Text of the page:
Affordable housing subsidy must double for Dublin – housing chief says

Grant of €50,000 may be fine for Leitrim, but not enough for Dublin, says Brendan Kenny

Affordable and cost rental housing will not be viable in Dublin unless the State subsidy for its construction is doubled, Dublin City Council's head of housing has said.

Brendan Kenny said a €50,000 grant towards the cost of providing discounted homes might be "fine for Leitrim" but would be entirely insufficient for Dublin. "We really should be looking at €100,000," he said.

Legislation for an affordable housing scheme, which will provide State-subsidised homes for sale to low- and middle-income workers, is finally expected to come before the Dáil this year.

The Affordable Housing Bill would also put cost rental, where rents are based on the cost of financing, building and managing the apartments rather than market rates, on a statutory footing.


A major component of the discounted costs of both the rental and purchase schemes comes from the “serviced sites fund” which subsidises up to €50,000 of the cost of each home through funding the site infrastructure.

However, Mr Kenny said the council was urging the Department of Housing to substantially increase this fund for the capital.

“We have been making it clear a national structure doesn’t suit Dublin. Having a site subsidy of €50,000 for the whole country, that might be fine say for Leitrim, and I’ve nothing against Leitrim, but having the same thing for Dublin city just doesn’t work,” he said.

“In the Dublin city area with its costs, really we should be looking at €100,000 – that would make a huge difference to the affordable housing scheme and to cost rental.”

Without the increase, the purchase price or the rents could not be reduced to an “affordable” level in Dublin city, Mr Kenny said.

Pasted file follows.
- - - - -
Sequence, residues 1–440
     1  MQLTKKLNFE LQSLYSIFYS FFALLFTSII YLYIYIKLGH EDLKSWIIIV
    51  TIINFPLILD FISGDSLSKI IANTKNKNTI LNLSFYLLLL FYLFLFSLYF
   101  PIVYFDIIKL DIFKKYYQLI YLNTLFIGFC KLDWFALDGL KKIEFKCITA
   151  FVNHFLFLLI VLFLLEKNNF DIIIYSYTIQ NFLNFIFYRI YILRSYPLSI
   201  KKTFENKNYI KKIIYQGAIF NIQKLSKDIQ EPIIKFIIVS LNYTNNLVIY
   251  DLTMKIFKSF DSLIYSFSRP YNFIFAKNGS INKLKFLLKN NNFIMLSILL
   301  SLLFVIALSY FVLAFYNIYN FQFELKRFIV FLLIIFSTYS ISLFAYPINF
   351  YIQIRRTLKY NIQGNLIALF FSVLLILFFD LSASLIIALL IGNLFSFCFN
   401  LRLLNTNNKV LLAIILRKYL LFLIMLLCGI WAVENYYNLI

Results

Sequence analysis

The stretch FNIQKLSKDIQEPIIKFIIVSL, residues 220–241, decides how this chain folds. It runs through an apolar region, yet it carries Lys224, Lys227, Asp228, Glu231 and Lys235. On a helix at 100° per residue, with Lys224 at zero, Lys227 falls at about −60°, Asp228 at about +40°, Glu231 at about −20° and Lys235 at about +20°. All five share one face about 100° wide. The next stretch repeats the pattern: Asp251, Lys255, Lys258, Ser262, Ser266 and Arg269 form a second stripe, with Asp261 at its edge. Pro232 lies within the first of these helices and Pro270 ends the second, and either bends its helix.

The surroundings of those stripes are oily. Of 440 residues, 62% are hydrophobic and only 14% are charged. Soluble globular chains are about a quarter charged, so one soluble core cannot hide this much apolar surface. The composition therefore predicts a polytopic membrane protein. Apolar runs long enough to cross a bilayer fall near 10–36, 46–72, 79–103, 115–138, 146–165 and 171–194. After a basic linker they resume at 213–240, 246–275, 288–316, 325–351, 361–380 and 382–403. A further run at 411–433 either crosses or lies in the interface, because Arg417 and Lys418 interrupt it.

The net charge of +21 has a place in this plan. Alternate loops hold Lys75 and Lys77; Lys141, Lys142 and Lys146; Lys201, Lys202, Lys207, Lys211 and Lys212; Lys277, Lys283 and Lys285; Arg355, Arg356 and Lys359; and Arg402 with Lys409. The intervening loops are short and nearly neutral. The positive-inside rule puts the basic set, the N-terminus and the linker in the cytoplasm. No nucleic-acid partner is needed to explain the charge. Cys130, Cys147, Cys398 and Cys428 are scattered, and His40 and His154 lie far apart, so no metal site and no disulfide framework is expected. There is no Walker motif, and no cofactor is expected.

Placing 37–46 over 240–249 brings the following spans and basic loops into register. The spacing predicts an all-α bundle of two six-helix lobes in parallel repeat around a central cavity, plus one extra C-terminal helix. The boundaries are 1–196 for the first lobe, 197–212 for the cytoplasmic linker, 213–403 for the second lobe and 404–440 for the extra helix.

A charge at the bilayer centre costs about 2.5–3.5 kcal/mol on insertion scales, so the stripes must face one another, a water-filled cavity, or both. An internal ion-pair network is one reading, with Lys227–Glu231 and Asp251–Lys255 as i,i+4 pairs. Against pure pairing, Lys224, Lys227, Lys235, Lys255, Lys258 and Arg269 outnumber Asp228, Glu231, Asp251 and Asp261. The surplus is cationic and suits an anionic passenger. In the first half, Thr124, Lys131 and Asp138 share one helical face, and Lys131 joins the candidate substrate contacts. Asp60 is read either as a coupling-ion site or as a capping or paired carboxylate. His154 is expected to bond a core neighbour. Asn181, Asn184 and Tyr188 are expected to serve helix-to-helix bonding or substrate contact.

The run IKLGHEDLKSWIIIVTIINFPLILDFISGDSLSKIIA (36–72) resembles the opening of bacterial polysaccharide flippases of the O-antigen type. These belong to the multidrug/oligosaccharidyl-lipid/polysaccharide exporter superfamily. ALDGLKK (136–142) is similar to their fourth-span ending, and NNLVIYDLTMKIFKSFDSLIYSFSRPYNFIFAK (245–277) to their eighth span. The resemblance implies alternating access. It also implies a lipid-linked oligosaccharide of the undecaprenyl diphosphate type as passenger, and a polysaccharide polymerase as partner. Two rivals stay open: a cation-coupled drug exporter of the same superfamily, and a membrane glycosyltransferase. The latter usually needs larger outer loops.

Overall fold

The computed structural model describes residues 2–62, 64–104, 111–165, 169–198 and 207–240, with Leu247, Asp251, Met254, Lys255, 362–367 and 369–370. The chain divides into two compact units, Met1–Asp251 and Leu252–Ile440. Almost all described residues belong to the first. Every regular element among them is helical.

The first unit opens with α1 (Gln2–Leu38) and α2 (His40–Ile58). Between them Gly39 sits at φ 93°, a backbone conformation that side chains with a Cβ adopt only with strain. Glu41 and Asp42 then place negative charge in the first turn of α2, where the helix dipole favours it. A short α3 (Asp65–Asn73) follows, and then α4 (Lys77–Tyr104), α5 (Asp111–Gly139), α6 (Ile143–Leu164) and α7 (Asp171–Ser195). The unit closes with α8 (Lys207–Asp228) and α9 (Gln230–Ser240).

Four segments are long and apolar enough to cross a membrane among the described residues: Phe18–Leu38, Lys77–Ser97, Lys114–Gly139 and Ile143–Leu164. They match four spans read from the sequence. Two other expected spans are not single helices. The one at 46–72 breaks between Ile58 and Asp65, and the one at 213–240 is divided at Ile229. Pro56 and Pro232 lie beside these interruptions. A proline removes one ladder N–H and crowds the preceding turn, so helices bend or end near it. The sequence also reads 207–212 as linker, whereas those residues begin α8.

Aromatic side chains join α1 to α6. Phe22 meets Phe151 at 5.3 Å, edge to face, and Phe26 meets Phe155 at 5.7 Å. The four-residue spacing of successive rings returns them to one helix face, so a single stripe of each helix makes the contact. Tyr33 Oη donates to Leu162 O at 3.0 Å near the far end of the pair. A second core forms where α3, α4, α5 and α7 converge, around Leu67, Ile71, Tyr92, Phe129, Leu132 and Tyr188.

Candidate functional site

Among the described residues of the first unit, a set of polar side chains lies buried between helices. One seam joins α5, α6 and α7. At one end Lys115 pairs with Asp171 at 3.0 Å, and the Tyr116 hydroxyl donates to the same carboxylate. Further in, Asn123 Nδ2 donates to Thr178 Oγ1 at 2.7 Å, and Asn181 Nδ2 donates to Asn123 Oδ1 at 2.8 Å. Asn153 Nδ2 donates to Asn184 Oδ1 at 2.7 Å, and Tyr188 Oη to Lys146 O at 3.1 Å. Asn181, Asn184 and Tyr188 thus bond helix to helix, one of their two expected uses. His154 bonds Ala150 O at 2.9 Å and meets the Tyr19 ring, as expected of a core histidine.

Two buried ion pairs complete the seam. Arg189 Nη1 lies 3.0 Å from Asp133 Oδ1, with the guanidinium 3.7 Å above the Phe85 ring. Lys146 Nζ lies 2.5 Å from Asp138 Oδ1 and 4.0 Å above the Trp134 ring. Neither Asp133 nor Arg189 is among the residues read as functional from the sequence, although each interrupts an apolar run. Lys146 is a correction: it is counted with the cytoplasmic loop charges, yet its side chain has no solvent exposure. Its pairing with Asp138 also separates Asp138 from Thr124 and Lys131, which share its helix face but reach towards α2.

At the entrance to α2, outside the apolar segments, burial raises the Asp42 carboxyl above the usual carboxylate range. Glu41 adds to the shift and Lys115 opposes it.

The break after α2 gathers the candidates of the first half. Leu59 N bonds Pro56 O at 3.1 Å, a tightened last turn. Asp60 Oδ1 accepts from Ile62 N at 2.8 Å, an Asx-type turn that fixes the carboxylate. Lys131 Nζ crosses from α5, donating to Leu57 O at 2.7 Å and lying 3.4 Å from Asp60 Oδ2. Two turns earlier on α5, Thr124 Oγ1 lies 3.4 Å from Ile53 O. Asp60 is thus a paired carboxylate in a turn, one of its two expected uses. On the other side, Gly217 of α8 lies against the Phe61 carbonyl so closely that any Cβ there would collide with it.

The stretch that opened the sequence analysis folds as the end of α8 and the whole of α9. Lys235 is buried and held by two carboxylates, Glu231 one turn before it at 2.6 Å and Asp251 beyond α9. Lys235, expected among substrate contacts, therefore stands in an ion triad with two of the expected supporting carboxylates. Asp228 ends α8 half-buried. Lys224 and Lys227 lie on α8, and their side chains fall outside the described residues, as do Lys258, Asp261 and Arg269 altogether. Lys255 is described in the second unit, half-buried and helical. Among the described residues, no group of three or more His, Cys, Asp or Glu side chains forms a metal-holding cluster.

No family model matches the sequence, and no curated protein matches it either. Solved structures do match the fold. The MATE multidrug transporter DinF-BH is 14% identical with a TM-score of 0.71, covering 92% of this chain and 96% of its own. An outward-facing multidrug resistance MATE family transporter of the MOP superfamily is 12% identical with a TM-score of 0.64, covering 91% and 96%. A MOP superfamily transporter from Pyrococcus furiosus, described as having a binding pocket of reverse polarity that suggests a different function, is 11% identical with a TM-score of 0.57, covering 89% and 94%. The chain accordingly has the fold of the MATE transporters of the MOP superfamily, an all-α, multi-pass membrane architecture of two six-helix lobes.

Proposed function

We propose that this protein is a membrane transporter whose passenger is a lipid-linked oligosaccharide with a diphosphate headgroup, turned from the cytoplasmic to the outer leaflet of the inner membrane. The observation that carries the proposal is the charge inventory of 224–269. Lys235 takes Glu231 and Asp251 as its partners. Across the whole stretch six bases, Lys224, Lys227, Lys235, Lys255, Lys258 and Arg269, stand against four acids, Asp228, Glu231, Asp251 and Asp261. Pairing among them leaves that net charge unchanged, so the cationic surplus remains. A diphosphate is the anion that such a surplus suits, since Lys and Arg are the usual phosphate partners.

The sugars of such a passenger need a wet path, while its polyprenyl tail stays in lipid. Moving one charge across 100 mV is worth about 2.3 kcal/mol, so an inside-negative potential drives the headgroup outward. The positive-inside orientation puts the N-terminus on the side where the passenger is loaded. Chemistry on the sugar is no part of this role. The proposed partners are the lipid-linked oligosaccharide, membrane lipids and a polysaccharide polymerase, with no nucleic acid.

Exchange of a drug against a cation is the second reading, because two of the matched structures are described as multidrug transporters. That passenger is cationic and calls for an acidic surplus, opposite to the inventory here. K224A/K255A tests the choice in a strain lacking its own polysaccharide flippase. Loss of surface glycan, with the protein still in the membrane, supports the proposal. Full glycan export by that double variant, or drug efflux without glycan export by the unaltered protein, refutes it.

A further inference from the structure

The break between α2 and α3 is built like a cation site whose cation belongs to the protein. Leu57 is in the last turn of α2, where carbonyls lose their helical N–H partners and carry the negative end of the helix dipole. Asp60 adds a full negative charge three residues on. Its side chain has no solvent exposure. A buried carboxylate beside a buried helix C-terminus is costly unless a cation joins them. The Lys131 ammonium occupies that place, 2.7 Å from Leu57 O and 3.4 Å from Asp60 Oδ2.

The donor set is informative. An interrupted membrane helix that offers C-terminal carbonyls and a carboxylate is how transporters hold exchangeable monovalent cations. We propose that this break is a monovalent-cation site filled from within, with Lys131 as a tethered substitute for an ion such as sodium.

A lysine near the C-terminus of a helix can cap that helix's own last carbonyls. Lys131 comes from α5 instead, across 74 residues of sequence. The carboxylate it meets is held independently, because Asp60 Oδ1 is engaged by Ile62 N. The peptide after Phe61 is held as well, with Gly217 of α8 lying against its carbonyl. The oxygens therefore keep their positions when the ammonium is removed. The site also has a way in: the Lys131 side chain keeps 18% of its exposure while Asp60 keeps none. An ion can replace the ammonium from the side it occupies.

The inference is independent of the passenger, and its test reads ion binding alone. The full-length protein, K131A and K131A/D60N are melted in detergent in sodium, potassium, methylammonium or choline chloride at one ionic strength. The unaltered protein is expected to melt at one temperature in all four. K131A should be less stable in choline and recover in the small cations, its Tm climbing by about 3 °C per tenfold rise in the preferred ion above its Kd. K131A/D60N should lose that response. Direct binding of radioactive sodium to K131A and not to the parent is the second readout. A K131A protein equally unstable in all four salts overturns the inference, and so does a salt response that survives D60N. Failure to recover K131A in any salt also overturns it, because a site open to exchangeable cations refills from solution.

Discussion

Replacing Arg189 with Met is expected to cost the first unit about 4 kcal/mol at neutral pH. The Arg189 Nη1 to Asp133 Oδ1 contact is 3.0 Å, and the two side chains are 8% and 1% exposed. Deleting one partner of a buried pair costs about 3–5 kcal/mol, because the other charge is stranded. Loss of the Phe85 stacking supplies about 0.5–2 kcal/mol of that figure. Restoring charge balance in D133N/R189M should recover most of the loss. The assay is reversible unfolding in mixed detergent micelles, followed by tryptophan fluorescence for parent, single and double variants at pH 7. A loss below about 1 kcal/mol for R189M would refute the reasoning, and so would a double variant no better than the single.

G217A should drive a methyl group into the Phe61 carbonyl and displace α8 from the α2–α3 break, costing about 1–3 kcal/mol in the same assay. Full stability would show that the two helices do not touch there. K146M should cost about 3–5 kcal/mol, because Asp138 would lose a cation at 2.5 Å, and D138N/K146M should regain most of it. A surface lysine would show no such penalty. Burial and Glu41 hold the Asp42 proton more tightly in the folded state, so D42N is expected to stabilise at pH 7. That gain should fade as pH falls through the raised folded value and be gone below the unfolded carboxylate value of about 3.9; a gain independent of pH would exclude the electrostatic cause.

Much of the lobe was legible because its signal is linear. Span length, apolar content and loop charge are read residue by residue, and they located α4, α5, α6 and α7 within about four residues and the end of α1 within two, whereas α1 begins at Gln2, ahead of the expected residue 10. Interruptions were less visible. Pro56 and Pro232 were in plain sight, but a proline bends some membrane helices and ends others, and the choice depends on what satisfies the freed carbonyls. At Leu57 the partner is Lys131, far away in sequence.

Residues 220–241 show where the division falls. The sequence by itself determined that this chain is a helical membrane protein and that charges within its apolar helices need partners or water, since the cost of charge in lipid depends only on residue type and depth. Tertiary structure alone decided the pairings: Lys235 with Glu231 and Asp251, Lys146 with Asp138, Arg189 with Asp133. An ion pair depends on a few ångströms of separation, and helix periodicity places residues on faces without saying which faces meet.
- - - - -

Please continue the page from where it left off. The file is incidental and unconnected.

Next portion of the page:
“We cannot build a unit in Dublin for €300,000, no way. The average cost is more than €400,000. The schemes we are building at the moment, the big ones in the city, the average costs are €430,000 per unit,” he said.

“That doesn’t mean we don’t build. What it mean is if you are going to do affordable housing or cost rental, the Government needs to come up with a much bigger site subsidy than anywhere else in the country.”

Direct build costs

Figures provided by Minister for Housing Darragh O'Brien in response to a parliamentary question from Sinn Féin's Eoin Ó Broin in recent months appeared to indicate the "direct build" cost of social housing in Dublin city was an average of €181,500.

However, it subsequently emerged this related to the construction of just 45 homes, half of which were not new build homes, but were the housing the council had refurbished at Priory Hall, which cost the council just under €141,000 to redevelop.

Mr O’Brien in December issued new figures indicating the average cost of homes approved for construction on city council lands in the past two years was just under €384,000.

Mr Kenny said this did not include VAT on construction. “This would bring the all-in [cost] up to €435,396 per unit.”

The State’s last affordable housing scheme was discontinued in 2011. A new scheme was announced five years ago in Budget 2016 but was never enacted. The last government re-announced the measure in 2018. Legislation was drafted and 18 months ago local authorities approved the “scheme of priority”, which determined how prospective buyers would be chosen. However, the legislation was never enacted.

In October, speaking at a post-budget briefing, Mr O’Brien said the legislation would come before the Dáil within weeks.

In the days before Christmas Mr O’Brien said the affordable purchase scheme, “will be finalised in the coming months”.

Olivia Kelly

Olivia Kelly

Olivia Kelly is Dublin Editor of The Irish Times